NOTE – It is necessary, now, to make a correction of an error in this post, and to better fit these posts up with a bit more vocabulary to enhance understanding of gender issues in foster care generally. Repeatedly throughout this post, I used the term transgender and gender nonconforming (TGNC) to refer to children and adults who are not cisgender. Cisgender [PDF pg. 1], according to the American Psychological Associations’ “Guidelines for Psychological Practice with Transgender and Gender Nonconforming People” is an “adjective used to describe a person whose gender identity and gender expression align with sex assigned at birth; a person who is not TGNC.” The issue with the TGNC terminology is that it is, in and of itself, exclusionary. A better terminology would be trans and gender non-binary (TGNB) because it fundamentally recognizes that gender is a spectrum, rather than a binary state.

As stated in my last post, transgender and gender non-conforming youth face unique and grave challenges in the foster care system. At its core, the fundamental risk faced by trans and gender non-binary (TGNB) youth is that they will suffer mistreatment, due to prejudice or indifference, in the care of non-specialized group homes—group homes that, as a result of the federal and state reforms seeking to move away from such institutions, will lack specially trained staff and targeted programming. This change means that TGNB youth will either be in group homes that don’t address their needs or be isolated in resource homes that also lack specialized training and programming.

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The Conundrums of Scaling Up

This post is part of the series of posts where I explore the question “Why does a pilot project succeed, but the following implementations fail?” In my previous post, I looked at how even successful social impact pilot projects fail to show similar results on being replicated due to various factors. I also hinted at pilot projects’ added complexity: while experiments only need to be replicated, pilot projects also need to be scaled up. In this post, I will deal with three essential aspects of scaling up that need to be accounted for: (1) the manner in which we define scaling up and its impact on funding; (2) the locational peculiarities of certain projects and finally, (3) the economics of demand and supply in scaling up.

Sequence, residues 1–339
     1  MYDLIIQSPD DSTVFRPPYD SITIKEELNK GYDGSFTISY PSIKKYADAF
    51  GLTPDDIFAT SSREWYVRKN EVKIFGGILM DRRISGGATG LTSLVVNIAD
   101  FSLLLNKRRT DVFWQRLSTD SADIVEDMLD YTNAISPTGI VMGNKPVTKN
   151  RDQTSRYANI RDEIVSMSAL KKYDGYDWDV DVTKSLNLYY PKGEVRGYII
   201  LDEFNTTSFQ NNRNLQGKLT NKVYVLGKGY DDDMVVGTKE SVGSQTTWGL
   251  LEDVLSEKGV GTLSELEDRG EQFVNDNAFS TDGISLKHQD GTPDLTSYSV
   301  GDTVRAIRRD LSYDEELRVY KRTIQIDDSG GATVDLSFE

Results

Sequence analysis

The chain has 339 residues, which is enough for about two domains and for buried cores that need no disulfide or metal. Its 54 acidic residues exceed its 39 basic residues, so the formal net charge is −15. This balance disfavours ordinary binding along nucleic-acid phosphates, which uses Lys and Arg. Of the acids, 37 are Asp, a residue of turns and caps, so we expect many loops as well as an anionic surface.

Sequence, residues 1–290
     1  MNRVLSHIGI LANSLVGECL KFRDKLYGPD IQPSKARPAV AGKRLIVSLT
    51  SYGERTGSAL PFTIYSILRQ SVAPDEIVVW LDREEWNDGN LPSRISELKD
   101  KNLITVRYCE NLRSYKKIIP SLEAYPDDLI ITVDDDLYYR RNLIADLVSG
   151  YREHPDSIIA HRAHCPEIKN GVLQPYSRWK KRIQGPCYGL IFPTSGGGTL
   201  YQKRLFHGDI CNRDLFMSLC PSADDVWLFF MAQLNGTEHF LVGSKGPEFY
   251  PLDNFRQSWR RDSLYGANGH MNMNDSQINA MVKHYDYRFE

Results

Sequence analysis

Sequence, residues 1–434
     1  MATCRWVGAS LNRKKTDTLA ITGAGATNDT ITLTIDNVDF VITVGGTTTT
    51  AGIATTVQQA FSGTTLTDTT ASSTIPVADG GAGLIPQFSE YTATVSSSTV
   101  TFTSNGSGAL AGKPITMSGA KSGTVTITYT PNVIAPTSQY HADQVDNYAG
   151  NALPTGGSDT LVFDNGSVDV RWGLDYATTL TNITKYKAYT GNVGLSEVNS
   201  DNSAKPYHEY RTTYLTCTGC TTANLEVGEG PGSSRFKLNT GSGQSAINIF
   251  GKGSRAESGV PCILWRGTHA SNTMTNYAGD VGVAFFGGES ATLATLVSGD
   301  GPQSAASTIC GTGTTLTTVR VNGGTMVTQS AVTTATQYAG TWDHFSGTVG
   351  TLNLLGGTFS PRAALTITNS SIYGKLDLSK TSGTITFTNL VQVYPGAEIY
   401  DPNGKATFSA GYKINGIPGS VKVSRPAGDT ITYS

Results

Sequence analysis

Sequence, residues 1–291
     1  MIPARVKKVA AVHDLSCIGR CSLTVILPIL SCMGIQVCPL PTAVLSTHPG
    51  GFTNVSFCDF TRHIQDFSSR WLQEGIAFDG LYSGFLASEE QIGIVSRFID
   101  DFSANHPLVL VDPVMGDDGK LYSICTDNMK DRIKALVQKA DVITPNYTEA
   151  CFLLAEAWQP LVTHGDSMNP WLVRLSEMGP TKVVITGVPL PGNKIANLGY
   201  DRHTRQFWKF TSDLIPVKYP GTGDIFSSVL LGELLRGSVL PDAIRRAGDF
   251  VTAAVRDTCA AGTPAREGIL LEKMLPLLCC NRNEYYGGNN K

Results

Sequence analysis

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ACE Detection and Treatment: A Holistic Approach for Foster Youth

As explained in my previous posts, adverse childhood experiences (ACEs) are detrimental to juvenile development and have lasting affects that shape adult behavior. Therefore, the subsection of youth in the foster care system is vulnerable to the detrimental affects of ACEs and should be afforded additional care and services.

But since ACEs seem to be fairly pervasive, how do we determine who has ACEs and how many they have?

Implementation of a Universal Form of ACE Testing:

The 1998 Kaiser-CDC study that introduced ACEs found that 52% of participants reported at least 1 ACE, and 25% of participants had more than 2 ACEs. It is unlikely that the Kaiser-CDC ACE findings have decreased given that the United States has the highest incarceration rate in the world, greatly surpassing our neighbors abroad.  In the US, almost 1 in 28 children have a parent who is incarcerated. For that reason, it is important that a standardized ACE test is implemented as a base determination of child trauma and as a mechanism to assess what services may be beneficial to youth who are entering the dependency system.

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What Youth Need

Now that we have discussed how the basic needs of children include love, protection, a sense of nurturing and belonging, stability, and support, how do we ensure that youth within the foster care system are provided with these staples so they need not seek them from outside influences such as gangs? In this post, I will talk about how community-based services can help minimize and hopefully prevent gang involvement for youth within the foster care system, as well as ways in which we, as members of the community, may be able to provide these children with some sense of stability and consistency while they are in the chaos that is currently the foster care system.